SHAMEFUL: UConn star Shabazz Napier, who led the team to a decisive victory in the NCAA men’s basketball championship against the Kentucky Wildcats, Monday night, created buzz off the court when he told Fox Sports that he’s so poor he can’t afford food beyond what’s offered by the university’s cafeterias.
College athletic poverty is an open secret the NCAA and the colleges try to ignore — treating the players like modern-day slaves while they rake in millions. Still, this has always been a very polarizing subject. That’s evident from the comments left on the YouTube video. The flip side of Napier’s position is that UConn gave him an athletic scholarship, which accounts for a big chunk of money that his family didn’t have to come up with for his education.
Shabazz Napier told Fox Sports, “We as student athletes get utilized for what we do so well. We are definitely blessed to get a scholarship to our universities, but at the end of the day, that doesn’t cover everything.”
He added, “We do have hungry nights that we don’t have enough money to get food and sometimes money is needed.” Napier also said, “When you see your jerseys getting sold, it may not have your last name on it, but when you see your jersey getting sold and things like that, you feel like you want something in return.””Like I said, there are hungry nights that I go to bed and I am starving. So something can change, something should change.”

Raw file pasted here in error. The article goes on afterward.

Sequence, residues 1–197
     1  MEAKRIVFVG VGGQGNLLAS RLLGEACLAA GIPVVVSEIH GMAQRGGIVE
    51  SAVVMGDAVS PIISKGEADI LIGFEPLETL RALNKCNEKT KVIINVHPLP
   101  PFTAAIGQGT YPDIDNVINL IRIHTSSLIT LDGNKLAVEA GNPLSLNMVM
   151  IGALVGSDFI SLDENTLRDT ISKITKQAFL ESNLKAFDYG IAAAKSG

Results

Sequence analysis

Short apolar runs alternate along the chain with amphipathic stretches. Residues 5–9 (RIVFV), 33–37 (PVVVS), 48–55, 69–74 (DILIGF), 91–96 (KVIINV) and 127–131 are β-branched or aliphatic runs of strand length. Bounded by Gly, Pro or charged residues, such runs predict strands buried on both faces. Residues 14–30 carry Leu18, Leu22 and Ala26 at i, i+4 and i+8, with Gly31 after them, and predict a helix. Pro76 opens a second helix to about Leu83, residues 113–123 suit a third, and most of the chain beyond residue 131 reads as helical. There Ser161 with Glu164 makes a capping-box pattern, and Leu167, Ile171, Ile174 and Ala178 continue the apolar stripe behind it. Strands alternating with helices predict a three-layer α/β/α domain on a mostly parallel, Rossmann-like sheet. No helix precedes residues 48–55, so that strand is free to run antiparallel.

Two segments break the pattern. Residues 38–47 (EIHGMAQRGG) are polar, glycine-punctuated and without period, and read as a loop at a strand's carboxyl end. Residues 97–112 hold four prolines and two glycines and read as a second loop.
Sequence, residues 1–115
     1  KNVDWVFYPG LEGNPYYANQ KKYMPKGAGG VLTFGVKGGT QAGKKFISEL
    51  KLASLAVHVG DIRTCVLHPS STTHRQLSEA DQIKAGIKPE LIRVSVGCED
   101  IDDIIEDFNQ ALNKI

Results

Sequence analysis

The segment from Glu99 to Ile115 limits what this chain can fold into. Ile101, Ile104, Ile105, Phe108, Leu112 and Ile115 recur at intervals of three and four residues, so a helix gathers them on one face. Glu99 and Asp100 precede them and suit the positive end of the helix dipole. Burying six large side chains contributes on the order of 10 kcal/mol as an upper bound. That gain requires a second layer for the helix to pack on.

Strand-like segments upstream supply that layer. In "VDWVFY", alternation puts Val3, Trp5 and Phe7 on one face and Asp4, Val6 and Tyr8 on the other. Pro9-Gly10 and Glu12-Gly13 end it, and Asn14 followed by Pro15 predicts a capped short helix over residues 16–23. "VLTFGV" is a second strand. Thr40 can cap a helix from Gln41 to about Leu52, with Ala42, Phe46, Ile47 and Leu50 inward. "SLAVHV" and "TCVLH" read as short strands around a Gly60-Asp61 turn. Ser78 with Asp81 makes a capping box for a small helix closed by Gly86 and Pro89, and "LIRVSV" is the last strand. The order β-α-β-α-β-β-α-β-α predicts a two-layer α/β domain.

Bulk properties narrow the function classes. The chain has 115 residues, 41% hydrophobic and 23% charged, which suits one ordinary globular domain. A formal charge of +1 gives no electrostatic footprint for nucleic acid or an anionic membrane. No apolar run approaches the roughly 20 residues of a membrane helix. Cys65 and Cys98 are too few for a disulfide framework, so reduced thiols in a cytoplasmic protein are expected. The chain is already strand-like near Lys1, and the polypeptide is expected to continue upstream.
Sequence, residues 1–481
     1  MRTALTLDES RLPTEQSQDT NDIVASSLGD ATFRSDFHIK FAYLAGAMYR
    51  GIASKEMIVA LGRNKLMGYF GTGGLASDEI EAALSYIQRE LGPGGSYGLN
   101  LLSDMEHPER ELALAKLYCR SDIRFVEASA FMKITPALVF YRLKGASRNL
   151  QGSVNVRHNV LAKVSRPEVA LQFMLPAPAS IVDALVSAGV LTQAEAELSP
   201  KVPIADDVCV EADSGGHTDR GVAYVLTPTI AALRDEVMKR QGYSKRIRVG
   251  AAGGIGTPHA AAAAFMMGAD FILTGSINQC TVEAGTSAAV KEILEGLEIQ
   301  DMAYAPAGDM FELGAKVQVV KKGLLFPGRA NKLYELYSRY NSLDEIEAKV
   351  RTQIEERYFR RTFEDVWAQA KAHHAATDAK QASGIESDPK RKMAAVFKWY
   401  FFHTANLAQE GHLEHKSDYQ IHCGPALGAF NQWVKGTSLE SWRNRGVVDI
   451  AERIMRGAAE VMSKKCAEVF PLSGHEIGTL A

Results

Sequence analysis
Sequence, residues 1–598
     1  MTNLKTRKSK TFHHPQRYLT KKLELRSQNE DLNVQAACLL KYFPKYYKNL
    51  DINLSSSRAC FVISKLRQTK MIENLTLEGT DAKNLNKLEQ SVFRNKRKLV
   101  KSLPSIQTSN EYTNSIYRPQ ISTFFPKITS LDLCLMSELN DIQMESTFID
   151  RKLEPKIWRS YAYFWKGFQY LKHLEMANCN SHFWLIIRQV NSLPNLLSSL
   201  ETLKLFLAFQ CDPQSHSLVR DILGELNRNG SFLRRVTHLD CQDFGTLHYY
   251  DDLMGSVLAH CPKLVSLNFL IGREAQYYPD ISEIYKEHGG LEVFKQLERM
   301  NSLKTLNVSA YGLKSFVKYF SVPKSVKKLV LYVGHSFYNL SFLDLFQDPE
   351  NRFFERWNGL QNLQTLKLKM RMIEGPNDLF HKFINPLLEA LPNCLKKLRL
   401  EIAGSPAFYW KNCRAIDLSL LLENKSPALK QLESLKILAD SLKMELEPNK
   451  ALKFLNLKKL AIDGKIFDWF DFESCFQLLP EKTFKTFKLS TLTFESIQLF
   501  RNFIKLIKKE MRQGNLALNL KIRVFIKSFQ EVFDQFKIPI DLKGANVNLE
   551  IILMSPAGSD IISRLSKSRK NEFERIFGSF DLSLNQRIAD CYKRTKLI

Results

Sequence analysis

UConn spokesman Phil Cardis countered Shabazz Napier’s claims saying being given food is a part of his athletic scholarship. Cardis said, “Shabazz Napier, like all our scholarship athletes, is provided the maximum meal plan that is allowable under NCAA rules. UConn does not have a cafeteria devoted specifically to student-athletes, but they have access to the same cafeterias which are available to all our students.”
State Rep. Matthew Lesser weighed in, “He says he’s going to bed hungry at a time when millions of dollars are being made off of him. It’s obscene.” He added, “This isn’t a Connecticut problem. This is a NCAA problem, and I want to make sure we’re putting pressure on them to treat athletes well.”